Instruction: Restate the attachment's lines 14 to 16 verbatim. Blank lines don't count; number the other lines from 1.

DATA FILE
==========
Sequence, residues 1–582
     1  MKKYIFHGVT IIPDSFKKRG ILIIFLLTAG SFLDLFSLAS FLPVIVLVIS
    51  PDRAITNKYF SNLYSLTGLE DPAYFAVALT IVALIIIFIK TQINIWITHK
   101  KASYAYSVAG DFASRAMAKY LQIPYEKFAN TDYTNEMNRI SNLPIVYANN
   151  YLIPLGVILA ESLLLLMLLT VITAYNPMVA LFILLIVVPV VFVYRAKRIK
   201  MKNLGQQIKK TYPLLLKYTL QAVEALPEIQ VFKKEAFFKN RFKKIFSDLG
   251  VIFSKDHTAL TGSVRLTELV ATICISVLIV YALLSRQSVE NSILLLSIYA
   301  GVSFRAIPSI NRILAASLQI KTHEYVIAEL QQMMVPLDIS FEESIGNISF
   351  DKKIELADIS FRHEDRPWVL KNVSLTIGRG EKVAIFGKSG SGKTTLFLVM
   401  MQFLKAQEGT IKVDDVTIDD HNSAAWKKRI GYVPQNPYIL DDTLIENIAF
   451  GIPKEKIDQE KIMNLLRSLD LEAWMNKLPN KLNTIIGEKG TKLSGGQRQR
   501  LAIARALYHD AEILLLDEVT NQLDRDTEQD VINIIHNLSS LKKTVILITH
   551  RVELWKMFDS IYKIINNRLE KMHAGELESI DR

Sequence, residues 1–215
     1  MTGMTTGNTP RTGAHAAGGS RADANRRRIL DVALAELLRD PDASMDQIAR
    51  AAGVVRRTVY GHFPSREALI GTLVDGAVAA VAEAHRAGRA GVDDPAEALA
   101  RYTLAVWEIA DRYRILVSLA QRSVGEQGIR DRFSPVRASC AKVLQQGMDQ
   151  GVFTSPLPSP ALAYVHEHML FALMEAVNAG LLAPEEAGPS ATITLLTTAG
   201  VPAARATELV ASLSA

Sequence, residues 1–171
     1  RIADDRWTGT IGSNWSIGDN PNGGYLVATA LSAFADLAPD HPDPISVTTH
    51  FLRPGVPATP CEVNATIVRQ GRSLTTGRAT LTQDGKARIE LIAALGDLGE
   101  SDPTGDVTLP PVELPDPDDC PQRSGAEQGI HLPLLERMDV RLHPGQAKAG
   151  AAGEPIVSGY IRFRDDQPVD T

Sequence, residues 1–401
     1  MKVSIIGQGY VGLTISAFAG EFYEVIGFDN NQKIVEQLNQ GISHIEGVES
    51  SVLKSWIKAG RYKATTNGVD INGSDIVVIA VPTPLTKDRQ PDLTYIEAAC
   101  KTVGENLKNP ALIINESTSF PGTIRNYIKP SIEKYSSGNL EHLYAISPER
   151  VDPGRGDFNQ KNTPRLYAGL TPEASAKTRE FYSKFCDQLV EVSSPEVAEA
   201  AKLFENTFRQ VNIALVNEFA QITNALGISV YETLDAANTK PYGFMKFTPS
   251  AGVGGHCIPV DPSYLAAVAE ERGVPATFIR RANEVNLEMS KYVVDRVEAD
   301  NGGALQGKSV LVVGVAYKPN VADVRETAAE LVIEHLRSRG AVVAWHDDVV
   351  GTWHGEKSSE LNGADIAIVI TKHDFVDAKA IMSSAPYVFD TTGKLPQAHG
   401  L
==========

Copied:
Sequence, residues 1–215
     1  MTGMTTGNTP RTGAHAAGGS RADANRRRIL DVALAELLRD PDASMDQIAR
    51  AAGVVRRTVY GHFPSREALI GTLVDGAVAA VAEAHRAGRA GVDDPAEALA